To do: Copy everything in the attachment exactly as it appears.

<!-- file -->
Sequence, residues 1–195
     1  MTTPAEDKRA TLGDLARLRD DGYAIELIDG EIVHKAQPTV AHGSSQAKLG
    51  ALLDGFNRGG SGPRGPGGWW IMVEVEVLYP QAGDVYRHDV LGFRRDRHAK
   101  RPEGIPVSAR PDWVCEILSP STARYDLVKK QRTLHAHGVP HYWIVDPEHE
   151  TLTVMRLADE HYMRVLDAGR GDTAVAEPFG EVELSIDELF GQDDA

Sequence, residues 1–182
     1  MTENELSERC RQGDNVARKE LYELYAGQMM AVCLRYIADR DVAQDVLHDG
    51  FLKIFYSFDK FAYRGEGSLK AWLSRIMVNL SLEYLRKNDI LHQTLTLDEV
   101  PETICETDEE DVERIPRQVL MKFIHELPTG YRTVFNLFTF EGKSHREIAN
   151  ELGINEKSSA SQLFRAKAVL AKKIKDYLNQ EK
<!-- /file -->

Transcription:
Sequence, residues 1–195
     1  MTTPAEDKRA TLGDLARLRD DGYAIELIDG EIVHKAQPTV AHGSSQAKLG
    51  ALLDGFNRGG SGPRGPGGWW IMVEVEVLYP QAGDVYRHDV LGFRRDRHAK
   101  RPEGIPVSAR PDWVCEILSP STARYDLVKK QRTLHAHGVP HYWIVDPEHE
   151  TLTVMRLADE HYMRVLDAGR GDTAVAEPFG EVELSIDELF GQDDA

Sequence, residues 1–182
     1  MTENELSERC RQGDNVARKE LYELYAGQMM AVCLRYIADR DVAQDVLHDG
    51  FLKIFYSFDK FAYRGEGSLK AWLSRIMVNL SLEYLRKNDI LHQTLTLDEV
   101  PETICETDEE DVERIPRQVL MKFIHELPTG YRTVFNLFTF EGKSHREIAN
   151  ELGINEKSSA SQLFRAKAVL AKKIKDYLNQ EK